What is involved in the inflammation of the colon in inflammatory bowel disease (IBD)?

Updated: Oct 17, 2017
  • Author: William A Rowe, MD; Chief Editor: BS Anand, MD  more...
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Answer

Inflammation in ulcerative colitis almost always involves the rectum and is contiguous, regardless of the extent of the colon involved. The exception to this rule is that the initial inflammation may appear patchy during colonoscopy that is performed very early in the ulcerative colitis process, although biopsy specimens of the intervening normal-appearing mucosa often do reveal inflammation. The intestinal inflammation of ulcerative colitis only involves the colon. Biopsy specimens demonstrate neutrophilic infiltrate along with crypt abscesses and crypt distortion. Granulomas do not occur in ulcerative colitis. (See the following images.)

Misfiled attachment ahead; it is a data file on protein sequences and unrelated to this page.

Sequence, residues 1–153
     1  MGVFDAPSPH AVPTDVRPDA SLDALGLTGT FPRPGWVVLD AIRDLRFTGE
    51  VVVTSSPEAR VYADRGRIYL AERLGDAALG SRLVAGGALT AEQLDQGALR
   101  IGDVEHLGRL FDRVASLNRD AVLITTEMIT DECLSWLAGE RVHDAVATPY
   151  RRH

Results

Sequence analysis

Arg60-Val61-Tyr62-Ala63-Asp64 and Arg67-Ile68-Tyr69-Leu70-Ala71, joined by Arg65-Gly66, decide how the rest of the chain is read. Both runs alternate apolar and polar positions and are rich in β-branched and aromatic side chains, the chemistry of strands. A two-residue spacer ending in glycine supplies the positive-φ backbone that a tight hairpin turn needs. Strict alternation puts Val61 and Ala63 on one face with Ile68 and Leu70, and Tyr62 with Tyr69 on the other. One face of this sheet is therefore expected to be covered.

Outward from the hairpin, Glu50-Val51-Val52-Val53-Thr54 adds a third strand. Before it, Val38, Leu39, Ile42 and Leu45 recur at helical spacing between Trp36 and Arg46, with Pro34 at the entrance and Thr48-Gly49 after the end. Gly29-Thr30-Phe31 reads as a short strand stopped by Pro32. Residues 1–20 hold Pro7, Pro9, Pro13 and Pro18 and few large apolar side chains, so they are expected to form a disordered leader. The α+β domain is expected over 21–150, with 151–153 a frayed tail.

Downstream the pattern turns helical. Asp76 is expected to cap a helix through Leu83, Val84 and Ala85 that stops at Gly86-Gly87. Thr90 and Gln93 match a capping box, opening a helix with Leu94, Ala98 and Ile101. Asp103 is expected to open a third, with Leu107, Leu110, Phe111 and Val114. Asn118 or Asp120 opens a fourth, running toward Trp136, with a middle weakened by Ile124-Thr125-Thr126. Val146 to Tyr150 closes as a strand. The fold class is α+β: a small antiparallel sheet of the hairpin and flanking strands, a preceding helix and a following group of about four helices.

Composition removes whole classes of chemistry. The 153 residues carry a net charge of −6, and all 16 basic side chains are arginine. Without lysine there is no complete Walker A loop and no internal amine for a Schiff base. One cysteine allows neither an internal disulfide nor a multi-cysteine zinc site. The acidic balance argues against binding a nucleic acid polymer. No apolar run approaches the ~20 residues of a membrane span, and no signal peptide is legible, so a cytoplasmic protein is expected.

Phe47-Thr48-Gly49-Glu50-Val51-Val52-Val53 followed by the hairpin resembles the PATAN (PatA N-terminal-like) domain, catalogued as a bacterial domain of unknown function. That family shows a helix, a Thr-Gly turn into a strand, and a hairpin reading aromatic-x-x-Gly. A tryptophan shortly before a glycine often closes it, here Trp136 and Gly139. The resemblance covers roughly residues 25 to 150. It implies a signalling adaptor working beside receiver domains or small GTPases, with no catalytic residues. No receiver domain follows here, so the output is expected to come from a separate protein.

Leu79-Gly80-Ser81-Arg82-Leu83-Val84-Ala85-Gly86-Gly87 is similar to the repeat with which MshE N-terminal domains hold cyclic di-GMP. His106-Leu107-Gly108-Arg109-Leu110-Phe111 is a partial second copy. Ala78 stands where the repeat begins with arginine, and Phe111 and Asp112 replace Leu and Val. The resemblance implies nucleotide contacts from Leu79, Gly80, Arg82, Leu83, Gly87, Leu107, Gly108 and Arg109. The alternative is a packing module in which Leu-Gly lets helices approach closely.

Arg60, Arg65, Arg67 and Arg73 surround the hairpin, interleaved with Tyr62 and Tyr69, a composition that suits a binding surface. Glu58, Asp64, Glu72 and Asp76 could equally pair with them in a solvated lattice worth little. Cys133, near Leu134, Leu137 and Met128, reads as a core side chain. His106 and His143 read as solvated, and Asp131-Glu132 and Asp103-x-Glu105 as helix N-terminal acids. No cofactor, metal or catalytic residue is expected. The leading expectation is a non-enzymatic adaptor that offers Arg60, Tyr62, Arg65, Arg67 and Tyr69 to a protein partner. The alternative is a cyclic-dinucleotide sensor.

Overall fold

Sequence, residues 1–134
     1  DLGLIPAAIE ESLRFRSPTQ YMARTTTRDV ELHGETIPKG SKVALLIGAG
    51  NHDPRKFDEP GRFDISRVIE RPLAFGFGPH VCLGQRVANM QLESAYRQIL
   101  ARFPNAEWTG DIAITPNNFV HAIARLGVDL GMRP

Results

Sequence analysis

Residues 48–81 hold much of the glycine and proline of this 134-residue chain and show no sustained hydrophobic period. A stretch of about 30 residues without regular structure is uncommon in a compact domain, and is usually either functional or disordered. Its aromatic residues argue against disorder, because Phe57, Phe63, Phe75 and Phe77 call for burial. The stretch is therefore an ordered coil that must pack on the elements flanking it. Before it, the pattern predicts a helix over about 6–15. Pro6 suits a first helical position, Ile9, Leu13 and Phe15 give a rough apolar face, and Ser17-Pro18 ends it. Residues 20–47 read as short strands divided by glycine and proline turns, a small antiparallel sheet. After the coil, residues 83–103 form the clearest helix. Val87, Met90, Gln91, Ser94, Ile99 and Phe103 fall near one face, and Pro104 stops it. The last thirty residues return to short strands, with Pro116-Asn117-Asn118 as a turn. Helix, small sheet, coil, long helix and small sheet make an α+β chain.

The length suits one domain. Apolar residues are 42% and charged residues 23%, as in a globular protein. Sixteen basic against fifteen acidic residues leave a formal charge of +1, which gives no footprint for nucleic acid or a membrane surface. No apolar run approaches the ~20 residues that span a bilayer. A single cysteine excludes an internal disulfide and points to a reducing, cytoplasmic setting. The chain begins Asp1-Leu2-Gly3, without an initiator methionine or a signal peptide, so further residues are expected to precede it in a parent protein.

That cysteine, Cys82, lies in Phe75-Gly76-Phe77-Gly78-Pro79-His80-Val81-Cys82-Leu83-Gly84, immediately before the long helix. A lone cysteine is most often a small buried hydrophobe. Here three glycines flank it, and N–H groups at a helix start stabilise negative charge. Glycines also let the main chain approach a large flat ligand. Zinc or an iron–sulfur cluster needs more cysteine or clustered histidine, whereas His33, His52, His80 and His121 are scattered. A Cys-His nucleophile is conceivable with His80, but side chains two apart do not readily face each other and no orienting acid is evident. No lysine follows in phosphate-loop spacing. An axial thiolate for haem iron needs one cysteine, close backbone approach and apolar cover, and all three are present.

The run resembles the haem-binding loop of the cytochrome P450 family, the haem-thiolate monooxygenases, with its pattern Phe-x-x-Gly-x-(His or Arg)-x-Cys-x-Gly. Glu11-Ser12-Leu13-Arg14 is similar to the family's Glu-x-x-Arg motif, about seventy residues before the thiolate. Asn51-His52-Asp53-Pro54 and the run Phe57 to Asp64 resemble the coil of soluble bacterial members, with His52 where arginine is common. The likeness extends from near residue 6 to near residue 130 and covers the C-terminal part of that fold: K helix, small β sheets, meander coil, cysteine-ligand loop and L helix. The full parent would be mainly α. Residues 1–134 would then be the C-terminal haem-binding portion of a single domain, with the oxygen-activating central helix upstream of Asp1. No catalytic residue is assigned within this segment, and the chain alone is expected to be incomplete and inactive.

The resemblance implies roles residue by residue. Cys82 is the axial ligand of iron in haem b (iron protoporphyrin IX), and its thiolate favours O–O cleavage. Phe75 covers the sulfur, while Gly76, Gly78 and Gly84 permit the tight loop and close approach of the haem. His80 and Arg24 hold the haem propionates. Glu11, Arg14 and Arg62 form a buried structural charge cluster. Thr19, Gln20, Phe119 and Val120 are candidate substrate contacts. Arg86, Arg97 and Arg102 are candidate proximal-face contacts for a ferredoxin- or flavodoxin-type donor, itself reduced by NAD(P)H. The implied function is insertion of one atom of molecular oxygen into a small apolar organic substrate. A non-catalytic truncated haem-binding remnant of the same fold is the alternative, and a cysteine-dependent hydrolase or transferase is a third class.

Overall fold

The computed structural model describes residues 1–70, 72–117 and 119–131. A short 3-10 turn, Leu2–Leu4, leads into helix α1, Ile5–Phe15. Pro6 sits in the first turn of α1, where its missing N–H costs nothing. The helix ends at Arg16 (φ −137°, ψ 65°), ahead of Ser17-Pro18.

Chronic architectural changes in ulcerative coliti Chronic architectural changes in ulcerative colitis. Note the crypt branching and irregularity of size and shape, with an increase in chronic inflammatory cells in the lamina propria.
Low-power image of a colon biopsy specimen in a pa Low-power image of a colon biopsy specimen in a patient with ulcerative colitis illustrates changes limited to the mucosa. These changes include chronic alterations of the crypt architecture and an increase in chronic inflammatory cells in the lamina propria.
Chronic architectural changes in ulcerative coliti Chronic architectural changes in ulcerative colitis. Note the trifid crypt.

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